Showing posts from December 1, 2023

Storm Clouds Over Dutch Higher Education: Impact of Far-Right Victory on Universities

Amidst a political landscape shift in the Netherlands, concerns arise over the potential ramifications on higher education. The unexpected surge of far-right parties could reshape policies, impacting international students and the scientific community. As far-right parties gain unexpected traction in the Netherlands, the ramifications extend beyond political arenas into the academic landscape. The recent victory of the Party for Freedom (PVV) and its leader, Geert Wilders, has sparked apprehensions within the scientific community about the potential impact on education, research, and international collaboration. The Threat to Internationalization: The PVV's manifesto sends ripples through Dutch universities, with a call to restrict internationalization. A Wilders-led government could impose severe restrictions on international students, comprising 15% of the university population. The proposal to eliminate English-language undergraduate courses raises concerns about the quality

Redwood Resilience: Ancient Sugars Come to the Rescue After Devastating Wildfires

When flames threatened the towering redwoods of Big Basin Redwoods State Park, it wasn't just a battle against fire; it was a showdown of resilience. In the aftermath of the 2020 inferno, scientists unveil a secret weapon hidden in the heart of these ancient giants—sugars that defy time and nature. The redwoods, known for their majestic stature and fire-resistant bark, faced an unprecedented threat as wildfires raged. But in a tale defying our understanding of tree growth, a team led by tree ecophysiologist Drew Peltier reveals the surprising strategy employed by these arboreal giants. "The charred survivors astounded us. It was like witnessing a phoenix rising from the ashes," exclaims Peltier. The research, published in Nature Plants, showcases a remarkable feat: tapping into energy reserves dating back centuries. Adrian Rocha, an ecosystem ecologist, expresses his awe, stating, "Carbon taken up decades ago sustains growth into the future. It challenges everyth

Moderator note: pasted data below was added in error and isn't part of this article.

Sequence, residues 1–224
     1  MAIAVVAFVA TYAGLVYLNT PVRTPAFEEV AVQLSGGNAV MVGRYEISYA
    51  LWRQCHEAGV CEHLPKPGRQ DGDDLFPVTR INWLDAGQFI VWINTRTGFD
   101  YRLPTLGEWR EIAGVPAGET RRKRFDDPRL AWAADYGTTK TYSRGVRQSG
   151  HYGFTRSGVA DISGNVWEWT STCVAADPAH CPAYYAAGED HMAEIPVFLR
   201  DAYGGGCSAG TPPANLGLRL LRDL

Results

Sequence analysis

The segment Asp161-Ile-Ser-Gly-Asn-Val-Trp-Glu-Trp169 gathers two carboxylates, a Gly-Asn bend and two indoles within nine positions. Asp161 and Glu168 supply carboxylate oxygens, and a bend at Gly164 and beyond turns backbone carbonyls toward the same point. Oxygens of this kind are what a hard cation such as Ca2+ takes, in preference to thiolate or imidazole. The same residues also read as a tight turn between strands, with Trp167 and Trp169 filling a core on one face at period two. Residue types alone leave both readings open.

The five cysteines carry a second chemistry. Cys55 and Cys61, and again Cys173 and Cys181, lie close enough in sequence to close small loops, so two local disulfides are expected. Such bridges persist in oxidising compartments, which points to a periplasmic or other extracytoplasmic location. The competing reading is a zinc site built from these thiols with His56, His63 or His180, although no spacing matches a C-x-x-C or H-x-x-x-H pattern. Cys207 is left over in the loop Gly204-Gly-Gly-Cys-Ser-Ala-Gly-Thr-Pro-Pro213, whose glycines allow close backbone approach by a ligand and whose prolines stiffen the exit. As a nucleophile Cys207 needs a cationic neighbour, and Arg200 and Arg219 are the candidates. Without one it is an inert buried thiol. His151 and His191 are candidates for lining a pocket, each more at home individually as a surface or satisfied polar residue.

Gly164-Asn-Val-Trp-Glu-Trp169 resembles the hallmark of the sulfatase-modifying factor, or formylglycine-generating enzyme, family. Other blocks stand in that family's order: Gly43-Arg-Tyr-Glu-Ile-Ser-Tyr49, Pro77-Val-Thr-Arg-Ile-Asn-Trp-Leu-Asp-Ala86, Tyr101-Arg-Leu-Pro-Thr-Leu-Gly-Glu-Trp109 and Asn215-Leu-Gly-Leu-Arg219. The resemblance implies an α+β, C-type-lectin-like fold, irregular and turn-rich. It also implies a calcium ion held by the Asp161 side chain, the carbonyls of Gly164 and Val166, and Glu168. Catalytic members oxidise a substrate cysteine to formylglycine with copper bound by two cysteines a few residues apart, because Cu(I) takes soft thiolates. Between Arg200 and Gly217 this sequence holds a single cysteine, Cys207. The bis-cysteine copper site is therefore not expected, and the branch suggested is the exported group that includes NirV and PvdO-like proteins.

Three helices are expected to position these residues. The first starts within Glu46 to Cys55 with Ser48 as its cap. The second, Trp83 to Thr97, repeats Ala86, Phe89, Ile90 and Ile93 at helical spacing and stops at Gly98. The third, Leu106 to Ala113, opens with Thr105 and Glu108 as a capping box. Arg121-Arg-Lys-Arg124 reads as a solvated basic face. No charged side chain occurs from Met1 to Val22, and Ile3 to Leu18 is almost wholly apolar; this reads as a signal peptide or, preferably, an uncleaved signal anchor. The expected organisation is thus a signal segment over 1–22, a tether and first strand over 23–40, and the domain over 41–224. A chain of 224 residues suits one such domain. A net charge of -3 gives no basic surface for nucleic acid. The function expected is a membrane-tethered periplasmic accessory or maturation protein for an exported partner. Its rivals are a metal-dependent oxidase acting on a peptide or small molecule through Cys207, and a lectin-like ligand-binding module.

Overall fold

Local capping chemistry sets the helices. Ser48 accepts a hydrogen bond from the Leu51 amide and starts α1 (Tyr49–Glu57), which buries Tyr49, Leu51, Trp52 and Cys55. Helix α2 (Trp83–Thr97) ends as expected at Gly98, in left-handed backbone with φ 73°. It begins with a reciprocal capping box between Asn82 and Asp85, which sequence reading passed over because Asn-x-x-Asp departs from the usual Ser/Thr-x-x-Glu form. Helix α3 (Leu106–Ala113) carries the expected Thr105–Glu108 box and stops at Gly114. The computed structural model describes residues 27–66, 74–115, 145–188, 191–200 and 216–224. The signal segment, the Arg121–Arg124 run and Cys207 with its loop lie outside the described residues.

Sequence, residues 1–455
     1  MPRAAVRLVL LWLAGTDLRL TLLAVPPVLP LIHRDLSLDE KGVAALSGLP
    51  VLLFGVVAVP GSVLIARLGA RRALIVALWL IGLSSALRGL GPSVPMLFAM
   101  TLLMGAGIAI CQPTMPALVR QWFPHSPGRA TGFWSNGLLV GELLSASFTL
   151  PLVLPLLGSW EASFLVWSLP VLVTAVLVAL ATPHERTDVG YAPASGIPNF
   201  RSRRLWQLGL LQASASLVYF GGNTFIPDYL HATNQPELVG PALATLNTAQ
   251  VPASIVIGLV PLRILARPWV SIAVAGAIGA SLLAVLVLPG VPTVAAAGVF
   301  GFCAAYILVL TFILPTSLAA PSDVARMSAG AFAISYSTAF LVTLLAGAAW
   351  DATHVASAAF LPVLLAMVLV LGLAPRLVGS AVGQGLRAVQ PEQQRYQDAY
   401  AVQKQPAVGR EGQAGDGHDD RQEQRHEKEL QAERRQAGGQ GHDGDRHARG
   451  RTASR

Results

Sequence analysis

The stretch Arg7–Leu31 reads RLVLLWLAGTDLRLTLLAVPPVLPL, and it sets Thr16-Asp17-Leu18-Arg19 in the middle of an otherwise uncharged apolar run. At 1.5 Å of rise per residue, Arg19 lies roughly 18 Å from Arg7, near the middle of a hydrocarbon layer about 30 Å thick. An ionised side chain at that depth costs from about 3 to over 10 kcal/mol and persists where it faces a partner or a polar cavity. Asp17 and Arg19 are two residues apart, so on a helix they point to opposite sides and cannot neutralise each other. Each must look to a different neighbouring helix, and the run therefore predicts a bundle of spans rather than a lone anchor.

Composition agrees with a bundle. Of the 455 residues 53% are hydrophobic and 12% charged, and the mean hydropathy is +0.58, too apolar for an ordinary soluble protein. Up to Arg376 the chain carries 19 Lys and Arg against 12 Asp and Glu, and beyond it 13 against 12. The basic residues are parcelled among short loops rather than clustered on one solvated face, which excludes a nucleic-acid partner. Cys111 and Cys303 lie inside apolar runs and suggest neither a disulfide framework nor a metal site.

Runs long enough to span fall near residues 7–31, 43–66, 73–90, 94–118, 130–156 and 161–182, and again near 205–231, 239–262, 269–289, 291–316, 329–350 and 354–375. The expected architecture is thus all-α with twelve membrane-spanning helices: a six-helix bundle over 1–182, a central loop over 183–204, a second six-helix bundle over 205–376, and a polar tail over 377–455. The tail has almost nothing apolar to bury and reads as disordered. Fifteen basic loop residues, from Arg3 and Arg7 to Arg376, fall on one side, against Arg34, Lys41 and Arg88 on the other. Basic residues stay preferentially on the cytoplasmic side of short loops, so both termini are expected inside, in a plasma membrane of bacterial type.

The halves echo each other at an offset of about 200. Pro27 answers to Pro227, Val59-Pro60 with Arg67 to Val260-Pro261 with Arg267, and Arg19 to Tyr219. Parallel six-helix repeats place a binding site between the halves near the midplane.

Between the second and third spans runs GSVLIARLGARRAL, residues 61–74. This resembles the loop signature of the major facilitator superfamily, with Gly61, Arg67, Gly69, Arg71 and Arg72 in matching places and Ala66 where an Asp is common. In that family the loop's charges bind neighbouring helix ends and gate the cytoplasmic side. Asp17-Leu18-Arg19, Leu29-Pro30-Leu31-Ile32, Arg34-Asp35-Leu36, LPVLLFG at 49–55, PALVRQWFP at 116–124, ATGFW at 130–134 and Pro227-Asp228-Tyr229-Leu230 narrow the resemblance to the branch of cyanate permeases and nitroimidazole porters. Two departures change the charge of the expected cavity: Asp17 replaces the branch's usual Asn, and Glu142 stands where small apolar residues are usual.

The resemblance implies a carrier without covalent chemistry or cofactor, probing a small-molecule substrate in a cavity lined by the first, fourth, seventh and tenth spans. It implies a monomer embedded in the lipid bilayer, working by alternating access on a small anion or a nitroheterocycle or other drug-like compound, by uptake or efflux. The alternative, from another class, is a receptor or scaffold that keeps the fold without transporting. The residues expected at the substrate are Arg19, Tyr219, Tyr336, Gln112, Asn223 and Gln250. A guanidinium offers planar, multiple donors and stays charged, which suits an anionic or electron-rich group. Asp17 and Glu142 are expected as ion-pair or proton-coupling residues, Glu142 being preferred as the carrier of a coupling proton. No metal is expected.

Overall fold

NIH Hits the Brakes on Stroke Drug Trial Amidst Safety Concerns and Lab Investigations

In a plot twist that could rival a medical thriller, the National Institutes of Health (NIH) has slammed the brakes on a major human trial for a potential stroke drug, 3K3A-APC, amidst concerns over safety and alleged scientific misconduct. The drug, touted as a brain protector after strokes, now finds itself at the center of a dramatic saga involving whistleblowers, questionable data, and a suspenseful NIH investigation. The rollercoaster began with a Science investigation that unveiled whispers of potential troubles with 3K3A-APC. Whistleblowers raised alarms about data from an earlier phase 2 trial, suggesting that rather than saving lives, the drug might be linked to increased deaths or disabilities in stroke patients. As if that weren't enough, allegations of manipulated images and data in lab studies supporting the drug's promise added an extra layer of intrigue. NIH's response on November 16 was swift and decisive—halting the launch of the eagerly awaited phase 3